Gilbertson: Flames GM Conroy traded one of his faves. What does that tell us?

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Two years ago, after Elias Lindholm finished as the runner-up in Selke Trophy balloting, Calgary Flames executive Craig Conroy was (politely) chastising this particular reporter because he believed the writers had voted for the wrong guy.

With all due respect to Patrice Bergeron, he insisted Lindholm was the NHL’s best defensive forward that season. He hasn’t changed that stance.

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The point being that Conroy, a trusted two-way centre during his own playing career and now the general manager at the Saddledome, is one of Lindholm’s biggest fans. That didn’t stop him Wednesday from trading him away.

If you’re looking for proof that Conroy is serious about retooling the Flames’ roster, look no further than this latest transaction. Lindholm, who was supposed to represent the Calgary-based crew this week at the 2024 NHL All-Star Game, was swapped to the rival Vancouver Canucks in exchange for a substantial haul — winger Andrei Kuzmenko, defence prospects Hunter Brzustewicz and Joni Jurmo and a pair of draft choices, including a first-round pick this summer.

Lindholm is set to be an unrestricted free agent in July. Extension talks with the Flames fizzled out early in the season, which is why the 29-year-old pivot was being billed as the biggest fish available prior to the March 8 trade deadline.

That distinction may now be shared by defence partners Noah Hanifin and Chris Tanev, who could be next to receive a ‘Good luck in _______’ call from Conroy. The Flames’ general manager will prioritize future assets in those talks, too.

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“There were numerous teams involved and a couple days ago, Vancouver called and really turned it up and wanted to get something done,” Conroy told Postmedia after completing Wednesday’s trade with the Canucks, in which he also fetched a conditional fourth-round pick in the 2024 NHL Draft. “I reached back out to all the other teams and weighed all my options, and we came to a point where we said, ‘OK, this is the best deal for the Calgary Flames.’

“If we didn’t think it was the right deal, we would have waited. But we feel this was a fair deal, a good deal for both teams.”

Make no mistake, the best player in this deal is the guy headed to the West Coast.

Lindholm, though, was going to be a goner. He is reportedly seeking roughly $9 million per year on his next contract, a huge hit for a guy who is having an underwhelming offensive campaign.

Andrei Kuzmenko, Matt Dumba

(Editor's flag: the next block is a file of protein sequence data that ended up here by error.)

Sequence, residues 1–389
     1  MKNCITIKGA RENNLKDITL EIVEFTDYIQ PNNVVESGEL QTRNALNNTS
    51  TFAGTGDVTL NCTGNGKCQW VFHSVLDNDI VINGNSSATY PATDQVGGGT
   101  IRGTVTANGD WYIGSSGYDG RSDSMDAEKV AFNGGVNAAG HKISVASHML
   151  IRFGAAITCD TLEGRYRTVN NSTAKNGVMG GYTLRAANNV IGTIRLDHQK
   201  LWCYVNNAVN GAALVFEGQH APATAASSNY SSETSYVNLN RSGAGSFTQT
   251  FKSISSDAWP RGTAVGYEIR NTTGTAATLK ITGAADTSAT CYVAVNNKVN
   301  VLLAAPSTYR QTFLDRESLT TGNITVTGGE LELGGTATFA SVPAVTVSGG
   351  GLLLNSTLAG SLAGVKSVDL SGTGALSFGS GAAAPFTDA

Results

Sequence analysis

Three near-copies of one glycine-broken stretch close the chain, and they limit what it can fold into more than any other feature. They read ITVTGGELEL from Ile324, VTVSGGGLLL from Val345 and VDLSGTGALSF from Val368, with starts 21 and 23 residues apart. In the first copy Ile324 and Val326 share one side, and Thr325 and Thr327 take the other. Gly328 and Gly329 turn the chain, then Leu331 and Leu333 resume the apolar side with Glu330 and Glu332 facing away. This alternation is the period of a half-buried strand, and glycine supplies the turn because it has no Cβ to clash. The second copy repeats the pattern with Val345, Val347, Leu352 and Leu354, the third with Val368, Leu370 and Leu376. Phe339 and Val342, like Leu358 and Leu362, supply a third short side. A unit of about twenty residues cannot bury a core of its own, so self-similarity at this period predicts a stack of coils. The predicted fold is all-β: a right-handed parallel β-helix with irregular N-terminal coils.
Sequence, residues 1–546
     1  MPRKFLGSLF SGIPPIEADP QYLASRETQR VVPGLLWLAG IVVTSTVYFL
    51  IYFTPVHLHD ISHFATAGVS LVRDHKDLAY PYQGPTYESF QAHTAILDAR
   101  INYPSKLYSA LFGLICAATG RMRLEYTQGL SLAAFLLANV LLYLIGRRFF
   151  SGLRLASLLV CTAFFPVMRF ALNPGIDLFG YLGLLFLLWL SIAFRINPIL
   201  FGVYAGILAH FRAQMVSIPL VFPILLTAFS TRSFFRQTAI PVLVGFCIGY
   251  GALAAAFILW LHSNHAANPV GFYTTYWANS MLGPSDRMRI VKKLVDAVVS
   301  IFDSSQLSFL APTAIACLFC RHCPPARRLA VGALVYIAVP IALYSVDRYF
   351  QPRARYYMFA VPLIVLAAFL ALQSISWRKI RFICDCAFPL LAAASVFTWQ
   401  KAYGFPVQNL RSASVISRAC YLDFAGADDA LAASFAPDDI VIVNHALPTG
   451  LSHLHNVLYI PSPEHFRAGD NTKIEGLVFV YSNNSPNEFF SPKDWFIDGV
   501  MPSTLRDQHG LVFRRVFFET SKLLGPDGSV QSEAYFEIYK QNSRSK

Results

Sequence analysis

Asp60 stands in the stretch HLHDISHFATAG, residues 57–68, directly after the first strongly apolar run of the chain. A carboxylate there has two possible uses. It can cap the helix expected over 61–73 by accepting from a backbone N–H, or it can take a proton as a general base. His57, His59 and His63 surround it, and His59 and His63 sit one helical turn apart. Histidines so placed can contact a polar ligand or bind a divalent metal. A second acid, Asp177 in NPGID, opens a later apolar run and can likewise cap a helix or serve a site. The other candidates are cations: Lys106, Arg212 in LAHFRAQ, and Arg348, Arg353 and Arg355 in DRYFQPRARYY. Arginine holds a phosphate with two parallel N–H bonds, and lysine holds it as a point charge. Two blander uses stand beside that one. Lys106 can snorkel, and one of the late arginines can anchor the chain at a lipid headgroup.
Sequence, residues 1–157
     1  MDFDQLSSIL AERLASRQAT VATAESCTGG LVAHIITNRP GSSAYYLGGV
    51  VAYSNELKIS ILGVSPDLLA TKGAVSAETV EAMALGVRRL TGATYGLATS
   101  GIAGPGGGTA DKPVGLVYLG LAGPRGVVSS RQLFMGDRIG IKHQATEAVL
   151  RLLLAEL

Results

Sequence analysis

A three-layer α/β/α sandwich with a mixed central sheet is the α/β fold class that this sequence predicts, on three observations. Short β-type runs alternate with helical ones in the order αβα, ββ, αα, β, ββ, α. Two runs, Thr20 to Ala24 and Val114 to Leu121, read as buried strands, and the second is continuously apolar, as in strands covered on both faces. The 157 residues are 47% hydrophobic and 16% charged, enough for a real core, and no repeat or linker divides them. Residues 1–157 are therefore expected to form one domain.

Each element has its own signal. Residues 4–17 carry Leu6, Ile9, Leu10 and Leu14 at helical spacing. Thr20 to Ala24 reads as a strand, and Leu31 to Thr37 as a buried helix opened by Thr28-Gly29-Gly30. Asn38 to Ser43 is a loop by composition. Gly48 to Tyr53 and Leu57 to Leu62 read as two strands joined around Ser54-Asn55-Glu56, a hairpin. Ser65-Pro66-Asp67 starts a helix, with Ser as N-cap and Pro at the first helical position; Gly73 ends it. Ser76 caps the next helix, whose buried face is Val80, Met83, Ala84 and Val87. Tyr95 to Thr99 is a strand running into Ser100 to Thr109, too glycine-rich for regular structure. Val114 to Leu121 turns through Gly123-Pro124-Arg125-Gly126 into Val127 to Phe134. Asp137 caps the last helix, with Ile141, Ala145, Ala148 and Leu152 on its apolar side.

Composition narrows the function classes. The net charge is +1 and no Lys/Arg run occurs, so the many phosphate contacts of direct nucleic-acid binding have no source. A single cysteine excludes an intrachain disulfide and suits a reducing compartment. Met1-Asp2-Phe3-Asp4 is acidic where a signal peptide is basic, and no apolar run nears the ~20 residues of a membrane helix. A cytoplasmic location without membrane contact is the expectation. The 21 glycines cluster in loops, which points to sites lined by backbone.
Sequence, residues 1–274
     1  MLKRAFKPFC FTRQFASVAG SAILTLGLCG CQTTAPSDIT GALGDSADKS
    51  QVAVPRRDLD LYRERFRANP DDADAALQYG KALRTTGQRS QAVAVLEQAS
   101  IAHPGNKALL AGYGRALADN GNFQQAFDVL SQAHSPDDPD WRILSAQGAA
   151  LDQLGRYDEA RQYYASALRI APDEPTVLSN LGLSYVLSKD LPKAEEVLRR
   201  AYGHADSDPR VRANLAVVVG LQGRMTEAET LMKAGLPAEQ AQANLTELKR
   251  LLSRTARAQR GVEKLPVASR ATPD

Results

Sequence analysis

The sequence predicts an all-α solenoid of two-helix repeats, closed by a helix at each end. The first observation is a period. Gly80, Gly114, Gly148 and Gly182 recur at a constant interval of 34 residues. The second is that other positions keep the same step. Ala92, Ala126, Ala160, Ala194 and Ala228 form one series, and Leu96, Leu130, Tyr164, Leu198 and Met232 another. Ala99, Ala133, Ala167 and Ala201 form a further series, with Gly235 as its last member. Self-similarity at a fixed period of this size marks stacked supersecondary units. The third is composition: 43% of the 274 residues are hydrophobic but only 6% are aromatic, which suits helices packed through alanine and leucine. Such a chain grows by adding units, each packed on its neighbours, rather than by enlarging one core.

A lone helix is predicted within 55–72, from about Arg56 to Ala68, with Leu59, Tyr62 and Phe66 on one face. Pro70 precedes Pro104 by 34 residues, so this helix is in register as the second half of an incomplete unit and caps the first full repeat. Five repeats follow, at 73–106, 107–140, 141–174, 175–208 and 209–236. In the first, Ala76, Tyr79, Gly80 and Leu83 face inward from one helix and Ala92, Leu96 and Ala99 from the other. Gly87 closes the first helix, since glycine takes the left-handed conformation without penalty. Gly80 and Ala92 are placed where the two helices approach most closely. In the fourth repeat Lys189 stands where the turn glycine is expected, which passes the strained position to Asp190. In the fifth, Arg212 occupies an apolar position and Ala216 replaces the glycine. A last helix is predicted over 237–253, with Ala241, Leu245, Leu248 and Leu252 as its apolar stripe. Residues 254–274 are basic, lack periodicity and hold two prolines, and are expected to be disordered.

Then-Vancouver Canucks forward Andrei Kuzmenko and Arizona Coyotes defenceman Matt Dumba vie for the puck at Rogers Arena in Vancouver on Jan. 18, 2024. Photo by ETHAN CAIRNS /THE CANADIAN PRESS

Kuzmenko is currently on a cold streak of his own but is an intriguing add, a guy who sniped 39 last season before taking up residence in Rick Tocchet’s doghouse. Of late, he wasn’t even a lineup lock for the Canucks, healthy-scratched on several occasions.

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Brzustewicz, a 19-year-old righty, has been piling up points on behalf of the Kitchener Rangers, leading the Ontario Hockey League with 61 assists in 47 outings so far. (“I don’t want to put pressure on him, but we’re excited with where his game is going,” Conroy gushed.)

For Jurmo, still skating back home in Finland, the most fascinating stat is his size. The 21-year-old is listed at 6-foot-4 and 210 lb.

“There’s no denying I love the way Lindy plays,” Conroy said. “He’s everything I want in a centre. He does all the little stuff that some people don’t notice, and that is what makes him special. I still think he should have won the Selke that year. I was not happy with you.

“And I like the person. I can’t thank Lindy enough for everything he has done for the organization and what he has meant. I look at him and think he’s a lot better version of myself, and that’s why I’ve always appreciated how he plays and maybe I never felt like he got enough credit. But with as much interest as there was for Lindy, I think it shows that the rest of the league knows the kind of value he has and brings to a team.”

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On Wednesday, Conroy showed that he’s ready to make major moves. With his team sitting 12th in the Western Conference at 22-22-5, he proved he won’t be sidetracked by the chase for an unlikely playoff berth.

There were even some rumblings that Tanev could be included in this second swap of the season between the Flames and Canucks. Don’t rule out a third. (Nikita Zadorov, to refresh your memory, was first to go.)

Kuzmenko, who is signed through the end of the 2024-25 campaign at an average annual value of US$5.5 million, had to waive his limited no-trade clause to approve the trade to Calgary.

He gave the thumbs-up after a chat with Conroy and Flames coach Ryan Huska.

“The one thing with Andrei, I think he wants to feel wanted,” Conroy said of Kuzmenko, who arrives with only eight tallies on his season stat-sheet. “He’s an offensive guy. He wants to be put in offensive situations here. He loves the power-play and it sounds like he loves to scores goals.

“If we can get him on the power-play and get him feeling good … It might be a little bit of an adjustment, but he has a skill-set that we just didn’t have.”

What they don’t have now is a No. 1 centre.

Lindholm, no doubt, leaves a gaping hole. It must have crushed Conroy to ship him out.

It does, however, tell you a lot about his commitment to reshaping this Flames’ roster.

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